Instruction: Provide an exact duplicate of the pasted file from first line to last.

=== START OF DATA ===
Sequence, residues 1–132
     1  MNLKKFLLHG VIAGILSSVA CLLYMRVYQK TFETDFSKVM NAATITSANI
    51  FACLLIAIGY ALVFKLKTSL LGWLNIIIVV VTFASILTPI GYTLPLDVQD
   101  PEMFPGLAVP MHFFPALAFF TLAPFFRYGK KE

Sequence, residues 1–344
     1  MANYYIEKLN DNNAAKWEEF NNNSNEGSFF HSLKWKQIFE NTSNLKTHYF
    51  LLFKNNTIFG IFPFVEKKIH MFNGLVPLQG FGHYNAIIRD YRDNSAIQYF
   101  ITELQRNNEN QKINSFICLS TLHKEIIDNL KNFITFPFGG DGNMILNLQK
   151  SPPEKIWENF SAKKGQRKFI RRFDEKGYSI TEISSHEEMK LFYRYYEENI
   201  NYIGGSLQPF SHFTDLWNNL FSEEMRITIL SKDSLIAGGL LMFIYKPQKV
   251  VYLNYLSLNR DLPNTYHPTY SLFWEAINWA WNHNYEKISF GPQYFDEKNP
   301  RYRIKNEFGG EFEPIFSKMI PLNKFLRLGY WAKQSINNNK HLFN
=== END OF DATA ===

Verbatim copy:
Sequence, residues 1–132
     1  MNLKKFLLHG VIAGILSSVA CLLYMRVYQK TFETDFSKVM NAATITSANI
    51  FACLLIAIGY ALVFKLKTSL LGWLNIIIVV VTFASILTPI GYTLPLDVQD
   101  PEMFPGLAVP MHFFPALAFF TLAPFFRYGK KE

Sequence, residues 1–344
     1  MANYYIEKLN DNNAAKWEEF NNNSNEGSFF HSLKWKQIFE NTSNLKTHYF
    51  LLFKNNTIFG IFPFVEKKIH MFNGLVPLQG FGHYNAIIRD YRDNSAIQYF
   101  ITELQRNNEN QKINSFICLS TLHKEIIDNL KNFITFPFGG DGNMILNLQK
   151  SPPEKIWENF SAKKGQRKFI RRFDEKGYSI TEISSHEEMK LFYRYYEENI
   201  NYIGGSLQPF SHFTDLWNNL FSEEMRITIL SKDSLIAGGL LMFIYKPQKV
   251  VYLNYLSLNR DLPNTYHPTY SLFWEAINWA WNHNYEKISF GPQYFDEKNP
   301  RYRIKNEFGG EFEPIFSKMI PLNKFLRLGY WAKQSINNNK HLFN